Why We Have Time Caps

By Coach Janine Lytyle


Hey NorthEast Community!

For those of you who don’t know me, I’m Janine Lytle! I just recently moved here from Ohio, and I am beyond excited to be a part of this community! I have been in the CrossFit community since 2011, when I wanted to improve my fitness for my senior year of soccer at Valparaiso University. Fast forward eight years, and I am still trying to better myself through fitness! As with anything that you pour your heart and soul into, there are lessons to be learned; some are easy and some are hard to swallow. One of the most important lessons I learned was the logic behind time caps. A lot of you look at the workout and automatically think, “what’s the time cap and why the hell didn’t they put it on the board?!” Spoiler alert: sometimes it’s fun to hear the class come up with their own ideas about the workout! But on a serious note, time caps can be a very useful thing for a habitual exerciser. Utilizing the prescribed time cap, you can learn a lot of valuable things about your body and how to pace each individual workout. Take, for example, our good gal pal, Fran (21-15-9 of thrusters and pull-ups). You may look at that workout and think, “OK. Cool. I have pulls and I can do the thruster weight no problem.” But then you read the time cap and it is *gasp* 5 minutes! Your initial thought shouldn’t be “Only 5 minutes! That means I have to do 40 minutes of cardio in after to get a good workout!” In fact it should be the other way around, thinking “Well I know after I am done with this workout I am going to be spending a good amount of time contemplating my life decisions and then slowly peel myself off the floor when Kenny says ‘we’re closing.’” When you see time caps around the 5-7 minute range it should make you feel like you’re massively hung over after (you all know what I’m talking about) and stick with you the rest of the day. If this scares you it is ok, as it takes time to develop the “pain cave” and learn how to manipulate your body to get there. That’s why you have coaches in each class to help push you!


Now, when you see time caps or workouts that have a set time limit of 20-30 minutes, that is where you need to sit down and have a quick chat with yourself. Begin by being honest with yourself as to where your weaknesses are and where your strengths are. For example, our other BESTIE, Cindy, a 20 minute AMRAP of 5 pull-ups, 10 push-ups, and 15 air squats. So you think to yourself, “OK, cool. I have pull-ups and 5 is a small number, I am going to do them all unbroken.” 3-2-1- GO, and you’re off to the races! You’re feeling yourself, kicking ass, taking names. You’re into round 5, you already feel yourself slipping and boom you run right into the pesky brick wall that you may or may not have tuned out while your coach was talking about it. You look up at the clock and it’s only been 5 minutes in a 20 minute workout. You think, “Why does this always happen to me?!” Now you are just trying to hang on doing singles on the pull-ups, bro rep city on the push-ups, and God-knows-what on the squats. 3-2-1-TIME. Thank God that workout is done as you’re trying to wrap your head around what went wrong. Well, for starters, you went unbroken and you didn’t respect the workout. Unless you have a high unbroken, linked together pull-up number (or pushup number for that matter), you need to break it up sooner rather than later. As for the pull-ups, approach it with a set of 2 and then 3. Now move to the push-ups; sets of 5 or 3-3-2-2. For the squat portion this is where you catch your breath, shake your arms out, and get ready for the next round. This type of break down can go for any aerobic workout. Look to see where you can move and catch your breath, as well as look to see where you may need to take an extra second (no NOT an extra minute) and break it up. For these longer workouts it is much better to sustain 80-85% than it is to crush the first 5 minutes and blackout the last 15.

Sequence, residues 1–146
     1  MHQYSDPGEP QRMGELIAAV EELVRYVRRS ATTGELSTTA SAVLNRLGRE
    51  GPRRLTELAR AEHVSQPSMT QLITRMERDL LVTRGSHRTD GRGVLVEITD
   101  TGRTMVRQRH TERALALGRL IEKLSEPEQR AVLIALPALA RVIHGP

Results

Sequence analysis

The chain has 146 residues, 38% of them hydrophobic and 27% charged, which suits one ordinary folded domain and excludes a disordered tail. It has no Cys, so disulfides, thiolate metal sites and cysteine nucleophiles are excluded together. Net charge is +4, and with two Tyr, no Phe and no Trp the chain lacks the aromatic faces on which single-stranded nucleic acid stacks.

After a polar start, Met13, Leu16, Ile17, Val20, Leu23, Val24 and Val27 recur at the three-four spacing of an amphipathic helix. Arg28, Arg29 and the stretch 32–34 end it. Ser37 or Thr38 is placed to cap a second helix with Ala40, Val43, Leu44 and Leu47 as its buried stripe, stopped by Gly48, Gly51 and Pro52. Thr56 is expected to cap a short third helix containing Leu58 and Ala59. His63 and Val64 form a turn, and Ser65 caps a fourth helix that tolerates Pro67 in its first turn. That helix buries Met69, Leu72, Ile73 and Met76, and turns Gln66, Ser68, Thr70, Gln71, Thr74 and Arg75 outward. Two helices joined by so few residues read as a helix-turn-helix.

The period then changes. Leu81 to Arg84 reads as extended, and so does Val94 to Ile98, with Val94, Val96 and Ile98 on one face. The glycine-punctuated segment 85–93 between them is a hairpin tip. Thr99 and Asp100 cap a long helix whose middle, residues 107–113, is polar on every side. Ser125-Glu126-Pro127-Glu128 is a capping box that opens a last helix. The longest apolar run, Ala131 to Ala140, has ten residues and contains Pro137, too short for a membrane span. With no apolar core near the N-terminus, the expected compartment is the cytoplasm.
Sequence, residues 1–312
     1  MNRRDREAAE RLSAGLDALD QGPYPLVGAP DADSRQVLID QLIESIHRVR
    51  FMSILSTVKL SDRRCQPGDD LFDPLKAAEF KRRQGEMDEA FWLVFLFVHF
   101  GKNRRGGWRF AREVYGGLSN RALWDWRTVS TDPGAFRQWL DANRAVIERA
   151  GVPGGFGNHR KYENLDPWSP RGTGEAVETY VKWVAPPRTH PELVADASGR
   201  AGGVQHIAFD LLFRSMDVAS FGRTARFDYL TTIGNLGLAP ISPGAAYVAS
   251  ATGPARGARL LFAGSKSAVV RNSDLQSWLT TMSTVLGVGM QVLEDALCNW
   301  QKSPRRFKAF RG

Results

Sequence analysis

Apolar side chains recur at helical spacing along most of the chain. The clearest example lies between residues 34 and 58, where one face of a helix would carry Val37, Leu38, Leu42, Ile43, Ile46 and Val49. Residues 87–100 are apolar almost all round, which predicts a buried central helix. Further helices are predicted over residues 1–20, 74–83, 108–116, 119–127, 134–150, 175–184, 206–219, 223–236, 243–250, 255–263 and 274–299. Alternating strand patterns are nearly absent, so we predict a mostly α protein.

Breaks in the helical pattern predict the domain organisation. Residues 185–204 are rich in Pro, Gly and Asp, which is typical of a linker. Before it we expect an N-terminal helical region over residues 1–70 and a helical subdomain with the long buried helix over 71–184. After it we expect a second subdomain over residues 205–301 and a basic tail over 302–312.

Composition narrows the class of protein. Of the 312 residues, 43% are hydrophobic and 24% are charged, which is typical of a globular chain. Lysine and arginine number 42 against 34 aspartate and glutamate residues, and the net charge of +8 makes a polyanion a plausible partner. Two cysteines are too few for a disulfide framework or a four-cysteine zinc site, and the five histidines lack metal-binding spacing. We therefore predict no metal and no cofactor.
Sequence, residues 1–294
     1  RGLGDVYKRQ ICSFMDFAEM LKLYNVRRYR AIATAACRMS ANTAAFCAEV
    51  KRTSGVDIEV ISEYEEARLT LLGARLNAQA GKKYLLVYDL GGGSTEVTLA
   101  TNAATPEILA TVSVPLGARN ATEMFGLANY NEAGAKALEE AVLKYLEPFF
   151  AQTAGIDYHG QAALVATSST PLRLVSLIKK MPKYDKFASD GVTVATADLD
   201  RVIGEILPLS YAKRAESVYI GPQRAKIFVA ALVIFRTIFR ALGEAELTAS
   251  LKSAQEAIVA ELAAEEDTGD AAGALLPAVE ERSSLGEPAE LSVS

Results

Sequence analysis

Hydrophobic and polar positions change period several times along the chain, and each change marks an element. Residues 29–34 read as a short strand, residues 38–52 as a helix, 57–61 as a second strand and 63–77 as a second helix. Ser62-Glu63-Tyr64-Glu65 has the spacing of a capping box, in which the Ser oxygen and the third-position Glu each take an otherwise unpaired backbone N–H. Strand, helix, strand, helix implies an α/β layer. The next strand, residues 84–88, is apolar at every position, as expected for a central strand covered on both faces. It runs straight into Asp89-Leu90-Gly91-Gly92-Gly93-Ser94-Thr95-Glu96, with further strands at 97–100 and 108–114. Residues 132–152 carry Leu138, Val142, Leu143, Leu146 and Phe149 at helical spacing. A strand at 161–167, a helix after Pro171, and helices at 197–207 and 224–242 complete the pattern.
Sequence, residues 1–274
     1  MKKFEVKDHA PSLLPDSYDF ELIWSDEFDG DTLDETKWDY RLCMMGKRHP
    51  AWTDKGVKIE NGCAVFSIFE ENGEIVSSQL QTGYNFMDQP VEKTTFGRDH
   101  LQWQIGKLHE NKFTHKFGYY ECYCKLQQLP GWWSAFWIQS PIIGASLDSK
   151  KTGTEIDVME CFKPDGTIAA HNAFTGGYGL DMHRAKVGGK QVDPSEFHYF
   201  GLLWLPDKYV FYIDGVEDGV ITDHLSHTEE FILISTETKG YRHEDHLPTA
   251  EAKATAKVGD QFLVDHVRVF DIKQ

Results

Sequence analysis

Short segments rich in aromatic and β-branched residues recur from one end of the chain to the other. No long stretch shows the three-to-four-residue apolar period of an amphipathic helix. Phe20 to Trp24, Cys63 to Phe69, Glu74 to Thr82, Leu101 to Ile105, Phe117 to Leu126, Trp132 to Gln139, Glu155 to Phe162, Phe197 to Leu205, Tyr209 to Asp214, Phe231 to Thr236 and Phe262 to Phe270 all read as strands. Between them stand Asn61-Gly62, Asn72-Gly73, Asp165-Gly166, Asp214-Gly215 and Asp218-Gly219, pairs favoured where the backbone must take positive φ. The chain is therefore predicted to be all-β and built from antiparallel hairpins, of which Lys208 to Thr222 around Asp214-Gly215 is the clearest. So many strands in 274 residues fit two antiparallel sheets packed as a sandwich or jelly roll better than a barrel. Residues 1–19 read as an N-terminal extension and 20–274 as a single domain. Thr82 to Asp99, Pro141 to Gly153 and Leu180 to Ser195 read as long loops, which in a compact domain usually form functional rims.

As for the interval type workouts, this is where you can fight fire with fire. For example, the class workout a couple weeks ago was 12 cal row – 9 chest to bar pull-ups – 3 heavy squat cleans. Once you complete your 12-9-3 you rest 2 minutes and you repeat this 5 more times for a total of 6 rounds. During these types of workouts, you want to be consistent throughout all 6 rounds. You do not want to come in hot the first round in under a minute and then the 3rd round you’re getting timed out at the 2 minute marker. You want to look at the workout as keeping the same rowing pace through all 6 rounds, the pull-ups should be broken up into sets of 5 and 4 or 3s, and as for the cleans I’m a big believer in fast singles. Round 2 shouldn’t sneak up on you but round 5 and 6 should be spicy.


The bottom line is this. Time caps are there for a reason. Not only are time caps there for pacing purposes, but they are also there to help you scale the workout so you achieve the correct stimulus and get the most out of each workout. If you slime through a sprint workout, or sprint through a 40 minute grind session, you are doing yourself a disservice. If you are not sure as to where your body is or what you should feel like during a workout, ask your coach! They are there to help guide you to be better walking out than walking in!